‘Panchayat’ literally means assembly (ayat) of five (panch) wise and respected elders chosen and accepted by the village community. Panchayati Raj is a system of governance in which Gram panchayats acts as a major units of administration. It has three levels namely-Village, Block and District. Mahatma Gandhi promoted Panchayati Raj Institution as a decentralized form of government where each village is responsible for its own affairs and establishes it as the foundation of India’s political system. This term was further propagated as “Gram Swaraj” (village self governance). The Constitution of India promulgated in January 1950 includes a provision relating to Panchayats system. By 1951-52 there were over 70,000 Village Panchayat functioning in country. Part IX of the constitution includes three-tier system of Panchayats which constitutes-The Village Level, Block level and District Panchayat. The Intermediate Panchayats exists in the states where the population is above 20 lakhs. Directive Principles of State Policy which is deals in Article 40, Section 4th of Indian Constitution says that-The states should take steps to organize Village Panchayats and endow them with such power and authority as may be necessary to enable them to function as units of self-government. The Panchayati Raj bodies were expected to awaken political consciousness on the countryside and to improve a democratic process in rural India. Hence, Panchayati Raj confers on the rural people the power of decision making regarding developmental objectives. This is democracy at gross level.
Genesis of Panchayati Raj Institution
Panchayati Raj genesis can be seen in ancient period in texts of Panini, Buddhist text and Rig Veda in respect to administration autonomy. There we get a reference of Gram Sanghs or rural communities. In Manusmiriti and Mahabharat we get even in Kautilya’s “Arthshastra” talk about officials which constitute a group of Village Republics. During Mauryan period, Gupta period and Sultanate period Panchayats were organized and had performed function of sanitation, education and judiciary etc. The Britishers had created local self government, as early as 1687 the Municipal corporation of Madras was formed. Then in 1870 a resolution for decentralization of power was passed by Bengal Chowkidari Act 1870. It was the first step towards local self government. In 1909 “Royal Commission of Decentralization” submitted report to constitute and develop Village Panchayat for the administration of local village affair. The government of India Act of 1935 also had provision for provincial autonomy and had strengthen panchayats in the country. The provisions remained till the passing of the Act of 1947 and India attaining independence. In 1952, Government of India made first systematic effort to bring rural development through Community Development Program with the first Five Year Plan. After this many committees were formed to strengthen and review the functioning of Panchayati Raj Institutions at gross roots level of democracy. These are as follows-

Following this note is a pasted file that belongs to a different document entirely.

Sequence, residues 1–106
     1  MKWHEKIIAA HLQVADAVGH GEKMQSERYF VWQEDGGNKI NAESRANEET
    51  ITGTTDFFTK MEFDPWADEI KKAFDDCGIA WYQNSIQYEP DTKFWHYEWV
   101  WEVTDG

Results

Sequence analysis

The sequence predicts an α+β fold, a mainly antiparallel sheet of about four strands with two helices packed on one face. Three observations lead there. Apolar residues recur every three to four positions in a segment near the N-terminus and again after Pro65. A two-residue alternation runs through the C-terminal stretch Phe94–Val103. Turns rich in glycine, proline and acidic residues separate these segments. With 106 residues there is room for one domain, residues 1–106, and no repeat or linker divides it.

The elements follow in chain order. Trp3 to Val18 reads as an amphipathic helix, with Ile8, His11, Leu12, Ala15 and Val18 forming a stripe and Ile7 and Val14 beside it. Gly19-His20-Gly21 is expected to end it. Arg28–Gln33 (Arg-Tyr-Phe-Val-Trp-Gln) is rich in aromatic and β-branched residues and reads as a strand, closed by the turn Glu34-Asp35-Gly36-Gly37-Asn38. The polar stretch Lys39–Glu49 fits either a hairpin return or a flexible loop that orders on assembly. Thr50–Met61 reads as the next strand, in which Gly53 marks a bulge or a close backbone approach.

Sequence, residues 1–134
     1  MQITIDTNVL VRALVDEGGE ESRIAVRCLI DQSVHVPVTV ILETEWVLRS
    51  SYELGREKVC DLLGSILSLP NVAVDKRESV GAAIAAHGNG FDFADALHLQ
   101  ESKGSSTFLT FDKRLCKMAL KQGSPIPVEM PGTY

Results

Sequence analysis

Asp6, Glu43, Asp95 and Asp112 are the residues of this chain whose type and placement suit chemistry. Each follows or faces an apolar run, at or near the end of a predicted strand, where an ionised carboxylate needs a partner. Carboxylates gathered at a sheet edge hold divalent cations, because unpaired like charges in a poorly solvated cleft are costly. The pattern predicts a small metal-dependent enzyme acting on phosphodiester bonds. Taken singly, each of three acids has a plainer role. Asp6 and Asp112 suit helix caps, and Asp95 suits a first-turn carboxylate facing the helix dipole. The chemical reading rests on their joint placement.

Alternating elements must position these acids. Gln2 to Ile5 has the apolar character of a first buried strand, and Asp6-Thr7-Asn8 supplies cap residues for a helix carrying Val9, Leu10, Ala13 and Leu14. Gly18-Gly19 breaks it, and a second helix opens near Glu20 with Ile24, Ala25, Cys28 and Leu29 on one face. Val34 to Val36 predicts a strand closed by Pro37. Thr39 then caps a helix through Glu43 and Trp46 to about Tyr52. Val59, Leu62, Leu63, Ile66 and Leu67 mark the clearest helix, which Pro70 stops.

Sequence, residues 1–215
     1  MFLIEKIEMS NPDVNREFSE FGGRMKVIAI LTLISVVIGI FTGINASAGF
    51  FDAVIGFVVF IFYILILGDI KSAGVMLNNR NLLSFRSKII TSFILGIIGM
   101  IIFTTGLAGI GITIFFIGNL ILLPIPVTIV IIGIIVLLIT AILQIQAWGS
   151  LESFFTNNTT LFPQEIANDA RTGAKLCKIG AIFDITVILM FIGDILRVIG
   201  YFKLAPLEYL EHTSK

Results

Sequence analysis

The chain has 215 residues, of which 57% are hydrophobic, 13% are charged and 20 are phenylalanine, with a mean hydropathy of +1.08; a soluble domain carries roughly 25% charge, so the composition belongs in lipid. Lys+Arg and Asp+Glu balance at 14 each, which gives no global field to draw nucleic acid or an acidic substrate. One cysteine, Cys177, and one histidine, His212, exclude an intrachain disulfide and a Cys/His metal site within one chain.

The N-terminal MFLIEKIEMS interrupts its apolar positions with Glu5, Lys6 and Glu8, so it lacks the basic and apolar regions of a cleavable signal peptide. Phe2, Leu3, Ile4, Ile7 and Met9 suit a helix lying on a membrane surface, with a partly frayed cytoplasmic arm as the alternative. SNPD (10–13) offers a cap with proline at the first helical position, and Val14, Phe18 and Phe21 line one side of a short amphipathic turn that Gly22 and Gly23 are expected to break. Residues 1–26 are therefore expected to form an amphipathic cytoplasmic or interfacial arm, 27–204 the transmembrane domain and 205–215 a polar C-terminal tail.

- Balwant Rai Committee-recommended three tier system i.e. Zila Parishad, Panchayat Samiti and Gram Panchayat.
- Ashok Mehta Committee, 1977 -recommended that the three-tier system of Panchayati Raj should be replaced by the two-tier system. Zila Parishad at the district level and below it the Mandal Panchayat consisting of a group of Villages covering a population of 15000 to 20,000.
- G.V.K Rao Committee,1985–This Committee was appointed to once again to look at various aspects of PRI’s. It recommended the following:
PRI’s have to be activated and provided with all the requirement support to become effective organizations. PRI’s at the district level and below should assigned the work of planning, implementation and monitoring.
- L.M Singhvi Committee, 1986–This Committee studied Panchayati Raj and recommended that local self government should be constitutionally recognized protected and preserved by the inclusion of new chapter in the constitution. secondly it restricted involvement of political parties in panchayat elections.
Phases of Panchayati Raj Institution in India
The story of Panchayati Raj has been a story of ups and downs. It seems to has passed through four distinct phases in its short span of life. The structure of Pachayati Raj Institutions in India varied from state to state. India’s experiment with democratic decentralization started in Rajasthan on Oct2, 1959 at Nagpur District. Now, Panchayati Raj system exists in all states except Nagaland, Meghalaya, Mizoram and Delhi. The Government Act of 1935, Malaviya Committee(1956), Balwant Rai Mehta Committee (1957), Ashok Mehta Committee(1978), Hanu(1985), Singhvi Committee(1986) etc have dealt with development, functioning autonomy and freedom, weakness and remedial measures for strengthening of Panchayati Raj system. It also found its backing in the Indian Constitution with 73rd Amendment Act,1992.This act aims to provide three-tier system of Panchayati Raj for all states having population of over 2 millions, to hold Panchayat elections regularly every 5 years, to provide reservations of seats to scheduled castes, scheduled tribes and women, to appoint state Finance Commission to make recommendations as regards the financial powers of the Panchayats and to constitute district planning committee to prepare draft development plan for district. The various phases of panchayati Raj institution in India are as follows-